Stevenson Chery - 2018 scholar
Miami, FL - Stevenson Chery, a Haitian student who attended undergraduate college at the University of Florida, graduate school at the University of Central Florida and medical school at Florida International University, was recently awarded the 2018 VITAS Healthcare Scholarship.
The scholarship is designed to reduce the burden of medical education debt for a student at FIU's Herbert Wertheim College of Medicine (HWCOM) who successfully matched into a primary care residency program. Chery graduated in April 2018 and will continue his medical training in family medicine at Jackson Memorial Hospital. Chery was awarded the scholarship for the work he is doing to change the perception of hospice care among the Haitian and other minority communities in South Florida.
"While hospice and end-of-life care is widely accepted and appreciated in the U.S., there are still many other countries and cultures who still have a stigma with it. For example, many Caribbean cultures-- several of which are very common in South Florida-- find just talking about death taboo," said Chery. "Since South Florida is a melting pot with a variety of different cultures, I'm determined to educate diverse communities about the many benefits end-of-life care can bring to patients and families, and that it is a topic that should be talked about.”
Changing the View of Hospice Care
VITAS Healthcare, the leading provider of end-of-life care in the United States, looks for scholarship recipients with a deep appreciation for the needs of terminally ill patients and their families through a submitted essay. In his winning essay Chery noted that during his upbringing death was the norm because life expectancy in Haiti is in the early to mid-50s, but death was never talked about. He experienced this first-hand when his family was shocked and despaired upon the death of his grandmother, even though she had been bedridden for two years. End-of-life care was not a topic he had even heard of prior to moving to the United States from Haiti in 2004.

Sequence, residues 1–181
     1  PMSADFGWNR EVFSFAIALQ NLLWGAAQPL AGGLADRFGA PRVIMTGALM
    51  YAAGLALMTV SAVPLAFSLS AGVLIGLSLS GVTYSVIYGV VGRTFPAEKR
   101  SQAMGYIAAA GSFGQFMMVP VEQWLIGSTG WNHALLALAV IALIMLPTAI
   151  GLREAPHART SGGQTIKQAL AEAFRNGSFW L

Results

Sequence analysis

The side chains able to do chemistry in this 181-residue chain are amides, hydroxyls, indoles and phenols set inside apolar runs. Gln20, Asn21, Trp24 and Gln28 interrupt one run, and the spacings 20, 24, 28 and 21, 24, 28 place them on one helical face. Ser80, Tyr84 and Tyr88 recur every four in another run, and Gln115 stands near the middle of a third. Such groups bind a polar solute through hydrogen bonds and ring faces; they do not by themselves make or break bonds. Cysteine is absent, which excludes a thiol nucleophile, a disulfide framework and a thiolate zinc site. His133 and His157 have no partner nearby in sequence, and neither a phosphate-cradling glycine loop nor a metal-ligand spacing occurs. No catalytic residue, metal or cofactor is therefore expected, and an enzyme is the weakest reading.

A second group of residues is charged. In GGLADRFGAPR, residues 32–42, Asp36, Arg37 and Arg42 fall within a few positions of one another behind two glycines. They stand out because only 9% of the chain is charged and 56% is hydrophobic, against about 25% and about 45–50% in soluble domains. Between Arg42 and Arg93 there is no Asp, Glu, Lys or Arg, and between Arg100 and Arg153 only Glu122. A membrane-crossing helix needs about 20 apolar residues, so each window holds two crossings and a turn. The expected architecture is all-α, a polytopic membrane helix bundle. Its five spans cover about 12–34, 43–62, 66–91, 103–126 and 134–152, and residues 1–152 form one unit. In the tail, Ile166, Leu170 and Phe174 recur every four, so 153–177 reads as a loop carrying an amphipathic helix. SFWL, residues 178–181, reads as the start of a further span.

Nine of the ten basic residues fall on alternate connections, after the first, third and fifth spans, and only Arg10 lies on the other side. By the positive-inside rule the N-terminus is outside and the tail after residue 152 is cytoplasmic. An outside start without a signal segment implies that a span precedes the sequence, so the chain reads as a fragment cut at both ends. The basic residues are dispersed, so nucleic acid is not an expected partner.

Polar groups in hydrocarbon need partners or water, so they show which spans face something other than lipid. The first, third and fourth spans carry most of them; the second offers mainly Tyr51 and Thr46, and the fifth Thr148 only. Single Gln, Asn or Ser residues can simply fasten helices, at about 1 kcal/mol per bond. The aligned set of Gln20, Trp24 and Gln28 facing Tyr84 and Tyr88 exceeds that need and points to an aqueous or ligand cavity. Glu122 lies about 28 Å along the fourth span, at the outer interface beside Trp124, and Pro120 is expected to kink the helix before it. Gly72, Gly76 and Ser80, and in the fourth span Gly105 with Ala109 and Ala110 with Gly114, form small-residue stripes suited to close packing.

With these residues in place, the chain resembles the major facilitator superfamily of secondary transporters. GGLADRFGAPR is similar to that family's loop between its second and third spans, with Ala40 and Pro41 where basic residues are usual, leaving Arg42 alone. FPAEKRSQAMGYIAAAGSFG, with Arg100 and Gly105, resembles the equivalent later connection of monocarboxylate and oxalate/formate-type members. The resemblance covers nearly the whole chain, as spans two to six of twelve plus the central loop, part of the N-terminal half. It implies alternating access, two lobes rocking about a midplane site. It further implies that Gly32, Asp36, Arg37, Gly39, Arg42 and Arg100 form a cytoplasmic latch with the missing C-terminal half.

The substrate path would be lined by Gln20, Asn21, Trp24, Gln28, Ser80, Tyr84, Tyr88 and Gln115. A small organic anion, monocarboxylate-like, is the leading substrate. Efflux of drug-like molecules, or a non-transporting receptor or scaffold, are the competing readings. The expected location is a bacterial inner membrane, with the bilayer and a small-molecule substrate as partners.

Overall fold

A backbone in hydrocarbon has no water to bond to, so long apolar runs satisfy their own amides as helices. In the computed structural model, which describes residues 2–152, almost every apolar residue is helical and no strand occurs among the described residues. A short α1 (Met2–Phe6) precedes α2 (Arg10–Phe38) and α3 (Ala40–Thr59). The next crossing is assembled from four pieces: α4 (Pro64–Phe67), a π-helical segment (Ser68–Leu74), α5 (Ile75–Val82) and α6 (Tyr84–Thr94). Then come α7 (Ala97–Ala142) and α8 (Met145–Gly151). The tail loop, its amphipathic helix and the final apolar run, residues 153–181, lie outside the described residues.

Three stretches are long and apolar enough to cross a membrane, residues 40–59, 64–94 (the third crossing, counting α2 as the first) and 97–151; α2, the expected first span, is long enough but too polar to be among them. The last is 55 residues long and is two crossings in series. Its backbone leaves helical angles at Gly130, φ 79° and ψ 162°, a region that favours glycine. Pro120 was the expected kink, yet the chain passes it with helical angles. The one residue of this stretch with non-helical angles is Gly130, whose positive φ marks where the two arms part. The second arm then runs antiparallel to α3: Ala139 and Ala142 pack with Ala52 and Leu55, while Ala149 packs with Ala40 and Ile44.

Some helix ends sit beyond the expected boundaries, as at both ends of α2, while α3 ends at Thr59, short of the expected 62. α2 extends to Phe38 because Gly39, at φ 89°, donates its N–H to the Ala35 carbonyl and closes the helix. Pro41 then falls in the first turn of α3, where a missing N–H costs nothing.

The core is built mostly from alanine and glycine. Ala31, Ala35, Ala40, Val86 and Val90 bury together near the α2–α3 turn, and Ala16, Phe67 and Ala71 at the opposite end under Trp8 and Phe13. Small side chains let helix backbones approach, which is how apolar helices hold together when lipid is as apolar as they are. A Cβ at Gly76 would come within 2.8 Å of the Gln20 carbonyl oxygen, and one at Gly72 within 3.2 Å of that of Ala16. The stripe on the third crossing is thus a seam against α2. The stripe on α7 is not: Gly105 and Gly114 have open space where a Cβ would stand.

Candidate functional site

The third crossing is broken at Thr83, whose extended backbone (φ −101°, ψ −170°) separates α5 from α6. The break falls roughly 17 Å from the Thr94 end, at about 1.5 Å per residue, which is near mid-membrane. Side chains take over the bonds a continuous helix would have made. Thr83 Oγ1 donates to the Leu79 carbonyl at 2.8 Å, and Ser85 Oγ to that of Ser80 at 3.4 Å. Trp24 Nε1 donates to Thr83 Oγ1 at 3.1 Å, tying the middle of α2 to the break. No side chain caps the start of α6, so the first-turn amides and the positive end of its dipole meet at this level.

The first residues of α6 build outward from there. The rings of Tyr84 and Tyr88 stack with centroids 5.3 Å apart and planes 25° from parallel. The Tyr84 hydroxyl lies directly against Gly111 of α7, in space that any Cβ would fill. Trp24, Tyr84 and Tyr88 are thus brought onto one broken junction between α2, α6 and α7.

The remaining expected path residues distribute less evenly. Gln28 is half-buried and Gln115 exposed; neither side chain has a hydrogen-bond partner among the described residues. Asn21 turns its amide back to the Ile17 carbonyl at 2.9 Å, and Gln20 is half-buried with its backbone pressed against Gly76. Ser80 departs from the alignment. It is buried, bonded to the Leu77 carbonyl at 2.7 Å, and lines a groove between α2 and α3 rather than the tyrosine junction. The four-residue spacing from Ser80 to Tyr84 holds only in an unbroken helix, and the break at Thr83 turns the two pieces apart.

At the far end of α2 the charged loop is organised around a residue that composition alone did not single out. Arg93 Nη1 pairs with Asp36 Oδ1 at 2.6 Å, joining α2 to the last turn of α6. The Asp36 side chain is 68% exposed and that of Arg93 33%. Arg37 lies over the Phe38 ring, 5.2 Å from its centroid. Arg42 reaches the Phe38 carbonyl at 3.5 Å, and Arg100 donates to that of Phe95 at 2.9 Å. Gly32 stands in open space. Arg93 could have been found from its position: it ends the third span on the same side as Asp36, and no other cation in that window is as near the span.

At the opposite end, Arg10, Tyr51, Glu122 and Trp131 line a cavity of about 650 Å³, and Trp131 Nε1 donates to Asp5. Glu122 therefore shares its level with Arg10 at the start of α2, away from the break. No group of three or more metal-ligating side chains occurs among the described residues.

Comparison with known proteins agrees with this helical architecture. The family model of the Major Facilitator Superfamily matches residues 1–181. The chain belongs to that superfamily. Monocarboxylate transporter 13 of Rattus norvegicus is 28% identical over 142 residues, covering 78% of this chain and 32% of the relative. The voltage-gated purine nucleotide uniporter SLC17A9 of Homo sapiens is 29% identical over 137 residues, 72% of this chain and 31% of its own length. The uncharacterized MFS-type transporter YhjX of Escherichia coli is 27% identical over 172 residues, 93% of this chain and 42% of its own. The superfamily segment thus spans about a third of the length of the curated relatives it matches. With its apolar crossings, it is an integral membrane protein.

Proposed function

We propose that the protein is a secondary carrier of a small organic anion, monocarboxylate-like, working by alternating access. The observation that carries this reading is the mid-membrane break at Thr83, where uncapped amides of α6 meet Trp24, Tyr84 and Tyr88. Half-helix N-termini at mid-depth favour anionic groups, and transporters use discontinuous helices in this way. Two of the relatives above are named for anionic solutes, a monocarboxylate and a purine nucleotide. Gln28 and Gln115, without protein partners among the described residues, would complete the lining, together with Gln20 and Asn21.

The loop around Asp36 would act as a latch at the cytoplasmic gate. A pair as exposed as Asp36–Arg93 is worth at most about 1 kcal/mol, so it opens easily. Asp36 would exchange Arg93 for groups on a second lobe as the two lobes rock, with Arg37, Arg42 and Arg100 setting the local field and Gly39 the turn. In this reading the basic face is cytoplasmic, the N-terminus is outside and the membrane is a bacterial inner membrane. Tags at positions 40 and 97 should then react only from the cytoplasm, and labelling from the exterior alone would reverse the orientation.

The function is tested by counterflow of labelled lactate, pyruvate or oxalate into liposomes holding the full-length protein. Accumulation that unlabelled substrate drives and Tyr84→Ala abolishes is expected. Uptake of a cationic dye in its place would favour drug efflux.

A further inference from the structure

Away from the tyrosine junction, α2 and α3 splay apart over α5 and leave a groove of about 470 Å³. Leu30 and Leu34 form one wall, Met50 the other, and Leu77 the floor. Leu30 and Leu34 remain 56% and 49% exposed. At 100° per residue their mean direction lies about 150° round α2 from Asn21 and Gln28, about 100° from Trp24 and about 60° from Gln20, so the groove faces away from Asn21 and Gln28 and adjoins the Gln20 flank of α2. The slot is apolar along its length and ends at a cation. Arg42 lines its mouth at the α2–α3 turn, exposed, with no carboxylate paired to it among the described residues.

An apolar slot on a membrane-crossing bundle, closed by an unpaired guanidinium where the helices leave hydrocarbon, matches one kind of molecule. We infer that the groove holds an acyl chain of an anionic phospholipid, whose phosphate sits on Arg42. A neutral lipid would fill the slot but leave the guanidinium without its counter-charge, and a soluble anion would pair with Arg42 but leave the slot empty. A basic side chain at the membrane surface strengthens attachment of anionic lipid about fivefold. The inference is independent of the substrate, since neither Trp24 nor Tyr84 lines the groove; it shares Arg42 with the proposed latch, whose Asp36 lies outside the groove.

He hopes to help change this view of hospicio in other countries by incorporating end-of-life care into the services provided by KORE Haiti, a non-profit organization he and two of his classmates founded in their first year of medical school to sponsor medical mission trips to Haiti. The organization applies the concept of social determinants of health that the students learned at HWCOM, while offering health education and medical care to people who in many cases have never seen a doctor or health care provider.
"Stevenson has already identified that in his culture there is a need to prepare for end of life that is not being addressed, and how he is developing ways of meeting that need in a culturally appropriate manner," said Dr. Joel Policzer, VITAS senior vice president of medical affairs. "VITAS is honored to support incredible individuals, like Stevenson, who are proactively identifying new approaches to end-of-life care."
Chery plans to continue mission trips with KORE Haiti, and eventually integrate end-of-life care services and train other providers and healthcare professionals. The next medical mission trip to Haiti is scheduled for March 23-29, 2019. The trips typically consist of healthcare providers, medical students, pre-med students and other individuals with a heart to help. If you are interested in attending the upcoming KORE Haiti mission trip, visit www.korehaiti.org/mission.html.
VITAS understands the importance of being sensitive to and aware of different cultures so that the multidisciplinary teams can provide culturally appropriate interactions with patients and their families.